• The Ember in the Ashes series by Saaba Tahir , which is a wonderful dark fantasy YA series featuring a woman of color as the protagonist, which expertly blends magic, romance, action, strong character arcs, and presents a study on the horrors of war.

  • Spinning Silver by Naomi Novik, which draws loosely on the story of Rumpelstiltskin and is told from the perspective of three female characters.

  • Everything I Never Told You by Celeste Ng depicts the unraveling and reshaping of a biracial family after the unexpected disappearance and death of their eldest daughter.

  • How to Be an Antiracist by Ibram X Kendi. The title is pretty self-explanatory, but I appreciated the clear definitions Kendi started each chapter with, and how he wove in his own personal experience with fluctuating between being racist and anti-racist at different points in his life.


  • Unlocking Us from Brené Brown. If you're a fan of her books and research on emotions and how we handle them, you'll enjoy this, and she features a wide range of guests.

  • First15 a daily devotional created by Craig Denison

  • Ten Percent Happier with Dan Harris, which talks about strategies for dealing with stress and anxiety with a particular focus on meditation.

  • Where Should We Begin hosted by Esther Perel, featuring a different couple or family she is counseling each week.

TV series

  • Zoey's Extraordinary Playlist. I love the heart that this show has, and it's use of music and dance to deal with a complex topic like grief and the loss of a family member.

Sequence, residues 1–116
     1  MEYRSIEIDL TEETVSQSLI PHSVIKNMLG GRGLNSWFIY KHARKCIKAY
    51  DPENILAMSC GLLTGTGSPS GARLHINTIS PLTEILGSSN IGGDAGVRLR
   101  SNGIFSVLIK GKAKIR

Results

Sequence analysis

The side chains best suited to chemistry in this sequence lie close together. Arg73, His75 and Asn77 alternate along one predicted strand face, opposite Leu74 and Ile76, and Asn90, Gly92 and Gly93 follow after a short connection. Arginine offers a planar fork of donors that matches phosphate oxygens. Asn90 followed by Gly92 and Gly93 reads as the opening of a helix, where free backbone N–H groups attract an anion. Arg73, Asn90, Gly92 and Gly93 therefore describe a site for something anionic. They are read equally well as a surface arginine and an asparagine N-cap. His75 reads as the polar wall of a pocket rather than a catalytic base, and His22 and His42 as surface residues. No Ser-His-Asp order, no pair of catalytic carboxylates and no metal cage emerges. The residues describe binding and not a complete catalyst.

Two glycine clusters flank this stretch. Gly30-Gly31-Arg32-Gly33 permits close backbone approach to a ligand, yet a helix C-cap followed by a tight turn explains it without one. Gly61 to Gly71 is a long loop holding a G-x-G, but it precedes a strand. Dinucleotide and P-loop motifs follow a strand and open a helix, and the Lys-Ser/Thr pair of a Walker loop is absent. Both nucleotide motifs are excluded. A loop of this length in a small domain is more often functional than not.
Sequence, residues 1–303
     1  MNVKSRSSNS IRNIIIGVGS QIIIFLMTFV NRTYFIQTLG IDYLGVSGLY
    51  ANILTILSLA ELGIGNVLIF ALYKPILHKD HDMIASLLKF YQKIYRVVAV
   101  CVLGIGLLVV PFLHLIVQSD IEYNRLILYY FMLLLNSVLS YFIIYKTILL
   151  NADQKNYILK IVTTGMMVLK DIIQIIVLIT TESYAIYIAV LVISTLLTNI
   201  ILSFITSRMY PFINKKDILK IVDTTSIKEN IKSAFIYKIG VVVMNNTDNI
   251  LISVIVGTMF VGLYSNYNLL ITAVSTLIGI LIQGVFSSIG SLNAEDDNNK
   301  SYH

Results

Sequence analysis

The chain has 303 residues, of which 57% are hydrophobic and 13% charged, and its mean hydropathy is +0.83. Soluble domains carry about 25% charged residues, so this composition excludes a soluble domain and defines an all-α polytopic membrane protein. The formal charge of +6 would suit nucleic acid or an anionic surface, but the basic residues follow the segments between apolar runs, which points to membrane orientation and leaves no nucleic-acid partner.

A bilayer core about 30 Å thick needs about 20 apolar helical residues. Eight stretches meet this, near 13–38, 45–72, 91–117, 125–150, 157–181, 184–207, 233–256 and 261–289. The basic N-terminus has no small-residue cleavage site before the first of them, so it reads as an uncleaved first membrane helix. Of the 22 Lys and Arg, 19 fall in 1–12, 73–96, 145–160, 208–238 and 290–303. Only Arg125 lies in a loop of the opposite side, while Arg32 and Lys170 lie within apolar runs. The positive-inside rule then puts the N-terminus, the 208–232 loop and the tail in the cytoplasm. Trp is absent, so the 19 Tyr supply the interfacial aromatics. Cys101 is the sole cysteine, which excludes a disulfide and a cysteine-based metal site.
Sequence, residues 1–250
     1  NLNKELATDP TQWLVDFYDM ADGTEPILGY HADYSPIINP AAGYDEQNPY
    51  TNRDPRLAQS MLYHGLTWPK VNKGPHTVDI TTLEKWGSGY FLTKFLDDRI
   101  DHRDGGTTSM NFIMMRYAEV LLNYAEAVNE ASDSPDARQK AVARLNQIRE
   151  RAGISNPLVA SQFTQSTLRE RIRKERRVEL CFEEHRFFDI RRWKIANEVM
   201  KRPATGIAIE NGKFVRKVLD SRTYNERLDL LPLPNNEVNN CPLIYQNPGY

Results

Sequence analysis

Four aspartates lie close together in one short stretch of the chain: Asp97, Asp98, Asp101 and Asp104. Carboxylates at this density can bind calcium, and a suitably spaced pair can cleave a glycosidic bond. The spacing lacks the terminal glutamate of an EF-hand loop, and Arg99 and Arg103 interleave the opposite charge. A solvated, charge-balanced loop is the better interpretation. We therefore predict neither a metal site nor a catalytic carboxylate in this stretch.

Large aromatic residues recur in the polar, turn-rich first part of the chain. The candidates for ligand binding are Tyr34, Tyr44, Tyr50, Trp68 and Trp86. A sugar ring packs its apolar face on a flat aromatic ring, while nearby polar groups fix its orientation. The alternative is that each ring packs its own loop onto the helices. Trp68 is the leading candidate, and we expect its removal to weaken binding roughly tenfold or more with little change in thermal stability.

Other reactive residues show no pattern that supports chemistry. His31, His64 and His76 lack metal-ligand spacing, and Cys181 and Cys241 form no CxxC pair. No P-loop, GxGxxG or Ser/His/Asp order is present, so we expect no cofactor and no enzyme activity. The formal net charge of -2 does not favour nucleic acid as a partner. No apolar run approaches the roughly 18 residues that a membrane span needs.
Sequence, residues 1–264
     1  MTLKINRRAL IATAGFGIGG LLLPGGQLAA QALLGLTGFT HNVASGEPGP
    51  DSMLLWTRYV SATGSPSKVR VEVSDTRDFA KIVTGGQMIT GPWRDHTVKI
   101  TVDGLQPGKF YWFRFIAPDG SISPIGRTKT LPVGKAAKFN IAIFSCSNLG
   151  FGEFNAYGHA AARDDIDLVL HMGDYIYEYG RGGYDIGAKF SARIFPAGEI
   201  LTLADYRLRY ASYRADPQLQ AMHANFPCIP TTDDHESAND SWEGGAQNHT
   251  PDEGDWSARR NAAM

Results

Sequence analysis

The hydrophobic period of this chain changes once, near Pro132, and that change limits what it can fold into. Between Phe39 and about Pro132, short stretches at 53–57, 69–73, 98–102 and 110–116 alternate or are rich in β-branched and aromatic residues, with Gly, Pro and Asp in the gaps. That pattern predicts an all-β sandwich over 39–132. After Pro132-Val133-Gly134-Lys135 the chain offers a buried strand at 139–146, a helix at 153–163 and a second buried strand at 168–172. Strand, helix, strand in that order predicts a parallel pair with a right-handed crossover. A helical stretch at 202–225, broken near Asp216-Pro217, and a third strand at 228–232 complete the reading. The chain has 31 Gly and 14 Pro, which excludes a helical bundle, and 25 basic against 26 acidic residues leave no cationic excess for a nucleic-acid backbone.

• The Great British Bake Off. I was late to the party on this one, but I get why so many people are fans. It's like the tv equivalent of eating comfort food, and it's nice to see a competition show where the contestants are actually kind and helpful towards each other instead of cutthroat.

  • The Boys is dark and violent, which isn't usually my thing, but the subversion of the superhero genre and political commentary embedded into the plotlines and characterizations is very skillfully done and makes for riveting television.

2020 couldn't end without one final kick. On the last day of the year I had an accident, which resulted in a concussion and a broken tooth (possibly two, TBD). I was trying to literally "kick Covid-19", and was executing a roundoff kick (which I've successfully done before) in socks on a hardwood floor, and ended up landing face down on the floor. What happened is a little blurry since I got a concussion and only remember snippets, but my boyfriend had to take me to the emergency room on New Year's Eve, and I'm in the process of getting a crown to cover the broken tooth. What a way to end the year.

With all that happened in 2020 collectively and personally, it was truly a very enlightening if painful year, which forced us all to take a pause and reflect more than we usually do. I learned about the balance between fragility and resilience, and how both can co-exist in my body and the planet. I don't know what 2021 will bring, or even that it will necessarily be better than 2020 as we're all hoping, but I do know that I won't take anything for granted.